When cultivating Nepenthes it is most often advised to grow them in very high humidity, in the vicinity of 70-80% or higher. In our experience this high humidity can cause more harm than good in the greenhouse environment. Unfortunately a lot of disease and harmful bacteria also thrive in these greenhouse microclimates. We find that the humidity around the plants is usually maintained to an acceptable level by their moist potting medium with the plants growing well with the fluctuating humidity levels that normally occur during the day. These levels usually range from 50-70% during the day and up to saturation, 100%, at night. While plants growing in an outside environment will experience lower levels than this, as long as the potting media is kept moist there seems to be little detriment.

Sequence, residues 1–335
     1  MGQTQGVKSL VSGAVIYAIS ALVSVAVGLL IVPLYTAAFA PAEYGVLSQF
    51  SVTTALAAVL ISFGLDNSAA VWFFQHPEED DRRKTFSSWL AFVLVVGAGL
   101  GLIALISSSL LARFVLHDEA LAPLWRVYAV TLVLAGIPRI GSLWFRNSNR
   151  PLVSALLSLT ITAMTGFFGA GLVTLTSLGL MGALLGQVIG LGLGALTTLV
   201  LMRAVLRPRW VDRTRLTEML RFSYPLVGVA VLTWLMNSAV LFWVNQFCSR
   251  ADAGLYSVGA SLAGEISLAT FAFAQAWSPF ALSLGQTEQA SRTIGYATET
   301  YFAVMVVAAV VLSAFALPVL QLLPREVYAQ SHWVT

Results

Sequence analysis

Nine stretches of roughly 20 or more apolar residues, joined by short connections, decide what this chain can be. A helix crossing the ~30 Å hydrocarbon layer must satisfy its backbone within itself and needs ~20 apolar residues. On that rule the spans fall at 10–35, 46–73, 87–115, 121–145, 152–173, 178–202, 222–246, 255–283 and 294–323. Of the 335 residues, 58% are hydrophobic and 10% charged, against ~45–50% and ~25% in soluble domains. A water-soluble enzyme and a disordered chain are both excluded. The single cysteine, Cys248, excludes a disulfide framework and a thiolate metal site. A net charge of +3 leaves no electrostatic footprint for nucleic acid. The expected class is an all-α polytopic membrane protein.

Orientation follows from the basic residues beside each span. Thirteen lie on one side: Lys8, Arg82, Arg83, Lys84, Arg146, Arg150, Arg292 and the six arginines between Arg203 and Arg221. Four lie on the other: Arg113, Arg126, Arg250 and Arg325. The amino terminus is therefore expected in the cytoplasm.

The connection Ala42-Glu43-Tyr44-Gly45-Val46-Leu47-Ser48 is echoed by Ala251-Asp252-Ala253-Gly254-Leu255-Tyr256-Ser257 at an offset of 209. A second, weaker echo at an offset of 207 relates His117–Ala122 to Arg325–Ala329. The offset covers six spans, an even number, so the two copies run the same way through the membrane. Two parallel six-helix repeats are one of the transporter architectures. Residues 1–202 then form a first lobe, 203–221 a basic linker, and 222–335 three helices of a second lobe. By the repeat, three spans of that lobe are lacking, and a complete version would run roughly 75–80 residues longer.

In our opinion, this is another factor that has had limits that are too strict set on it. While there is limits that specific plants will not tolerate, such as high temperatures in the case of the strict highland species/hybrids and very low temperatures with regards to the lowland varieties, again these plants are quite tolerant of temperature fluctuations. In the plants natural habitat the temperature fluctuates daily, even moment-by-moment. One has only to spend a few hours in a highland Nepenthes habitat to experience these quite dramatic temperature, humidity, light, and moisture fluctuations. One moment it could be bright and sunny, next it is cloudy with low light and 100% humidity and next it is pouring with rain, only to bathed in bright sunshine a couple of minutes later. The high ultra-violet radiation due to the high altitude and reflections from the water droplets on all the wet surfaces is the next factor to assault these plants. On the other end of the scale I have been told (pers. com.) and seen photos of N.rafflesiana growing in pure sand which was that hot in the middle of the day it would have burnt the soles of your feet if you were to walk on it. So as can be expected Nepenthes are quite tolerant and hardy.